In February 1931, the Vidette Messenger reported that Troop 7 sponsored a father and son dinner at the church for all of the Boy Scout troops in Valparaiso. The evening included a talk by Rev. Donald C. Ford of Michigan City on his previous occupation as an engineer, a roast of the “dads” presented by Mr. Graham, and a triple-reel moving picture on the rubber industry. The churchwomen prepared the meal, and the senior high girls served the tables. All other information from this time indicates that the church did not have its own troop yet; thus, Troop 7 must have been sponsored by one of the partner churches (Methodist or Presbyterian) at this time, with the Christian Church hosting only this father and son event.
On April 6, 1931, a notice showed that Brother Wheeler and the Benham Class were looking for scout quarters to be built in the church. Brothers Bledsoe and Sheppard did find space, and the board approved the Benham Class to complete the work as proposed. On April 8, the Benham Class assembled in the basement, and Mrs. Benham turned the first shovel of dirt to construct a scout room. Work continued on construction of the space through April 1933. The space appears to have been in the basement of the education annex. The Benham Class provided a stove for the scout room in June 1935, along with additional financial support for uniforms, camp costs, and equipment needs.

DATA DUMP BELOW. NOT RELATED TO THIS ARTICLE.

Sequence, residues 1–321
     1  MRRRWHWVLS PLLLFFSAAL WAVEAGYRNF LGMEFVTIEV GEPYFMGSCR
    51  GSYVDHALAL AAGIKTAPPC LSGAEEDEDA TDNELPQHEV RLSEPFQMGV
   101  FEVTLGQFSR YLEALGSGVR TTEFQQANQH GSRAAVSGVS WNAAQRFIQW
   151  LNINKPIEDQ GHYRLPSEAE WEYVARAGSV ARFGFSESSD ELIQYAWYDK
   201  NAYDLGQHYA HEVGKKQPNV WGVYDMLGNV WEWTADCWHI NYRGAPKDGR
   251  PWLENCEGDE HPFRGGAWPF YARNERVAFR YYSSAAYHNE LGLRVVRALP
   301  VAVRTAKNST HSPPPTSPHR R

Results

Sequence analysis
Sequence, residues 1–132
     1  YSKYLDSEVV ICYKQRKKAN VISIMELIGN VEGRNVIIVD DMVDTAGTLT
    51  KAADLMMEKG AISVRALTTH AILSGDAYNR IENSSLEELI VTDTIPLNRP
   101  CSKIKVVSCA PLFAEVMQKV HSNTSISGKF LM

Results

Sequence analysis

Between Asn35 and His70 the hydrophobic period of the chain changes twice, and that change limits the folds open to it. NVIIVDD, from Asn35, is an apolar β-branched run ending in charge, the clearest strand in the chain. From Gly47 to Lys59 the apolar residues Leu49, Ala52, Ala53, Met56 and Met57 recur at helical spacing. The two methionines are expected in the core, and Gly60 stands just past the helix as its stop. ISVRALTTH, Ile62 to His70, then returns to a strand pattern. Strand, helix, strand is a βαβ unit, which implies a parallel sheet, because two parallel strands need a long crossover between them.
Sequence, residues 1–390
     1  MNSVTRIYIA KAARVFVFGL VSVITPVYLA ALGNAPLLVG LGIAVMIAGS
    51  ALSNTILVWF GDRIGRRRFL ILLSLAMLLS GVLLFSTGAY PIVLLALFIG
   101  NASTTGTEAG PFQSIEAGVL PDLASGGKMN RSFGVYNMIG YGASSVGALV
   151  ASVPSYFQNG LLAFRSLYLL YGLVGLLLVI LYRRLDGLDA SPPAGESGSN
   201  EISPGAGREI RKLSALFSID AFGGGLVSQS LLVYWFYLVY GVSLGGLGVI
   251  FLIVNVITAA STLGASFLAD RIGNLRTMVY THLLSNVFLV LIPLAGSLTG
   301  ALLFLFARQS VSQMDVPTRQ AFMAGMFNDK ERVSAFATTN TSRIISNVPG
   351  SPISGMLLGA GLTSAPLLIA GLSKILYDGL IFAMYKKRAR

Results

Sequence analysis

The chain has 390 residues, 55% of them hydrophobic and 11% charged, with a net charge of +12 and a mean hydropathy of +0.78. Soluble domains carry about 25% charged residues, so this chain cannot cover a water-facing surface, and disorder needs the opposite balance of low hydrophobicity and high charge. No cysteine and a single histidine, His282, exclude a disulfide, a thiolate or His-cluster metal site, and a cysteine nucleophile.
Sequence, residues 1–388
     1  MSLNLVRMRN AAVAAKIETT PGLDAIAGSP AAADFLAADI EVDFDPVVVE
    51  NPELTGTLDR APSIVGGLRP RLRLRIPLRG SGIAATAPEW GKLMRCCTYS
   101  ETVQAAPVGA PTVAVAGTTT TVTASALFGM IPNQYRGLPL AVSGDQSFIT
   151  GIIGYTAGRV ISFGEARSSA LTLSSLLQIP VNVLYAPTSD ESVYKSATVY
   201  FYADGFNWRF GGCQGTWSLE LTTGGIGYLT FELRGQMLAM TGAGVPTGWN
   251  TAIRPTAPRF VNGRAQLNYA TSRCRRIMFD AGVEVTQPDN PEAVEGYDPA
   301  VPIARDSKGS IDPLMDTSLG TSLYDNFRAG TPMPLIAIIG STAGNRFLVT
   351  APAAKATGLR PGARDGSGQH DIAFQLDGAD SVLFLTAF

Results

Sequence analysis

Records from May 22, 1932 indicated that Brother Larson had returned and extended an offer to work with the scouts. This event was clarified in December, when Rev. Smail reported that the scouts were “getting started” again, with Brothers Wheeler, Townsley, and Jones in charge.
By June 1, 1933, the troop appeared to be active, as Rev. Smail was seeking adults to chaperone a week at the River Camp. In 1934, the Benham Class served a dinner for the Boy Scouts of the church in February, which is now Boy Scouting month! Has the church has scout dinners since then? Or was this a unique event for the time? We have no information to confirm either idea.
The LaSalle Council Scout office in South Bend indicated that the present troop (907) has been continuously chartered at First Christian Church since 1942. Boys and adult leaders from the troop have been at all National Scout Jamborees since 1950 and World Jamborees since 1967. By the year 2011, 506 boys have participated in the scouting program through Troop 7 since 1968.
In September 1957, Mr. Eckert (Willard) reported to the church board that Martin Zimmerman would become the new scoutmaster and that Mr. Biggs would take over the Post. Could this be an Explorer Post? No other records have been found (yet) that identify an Explorer Post sponsored by the Christian Church. In 1958, the board approved purchase of a troop flag. The next year (1959), the board approved renovations to the scout room; these upgrades were to be completed by the “Home Builders’ Class” and were not to exceed $700.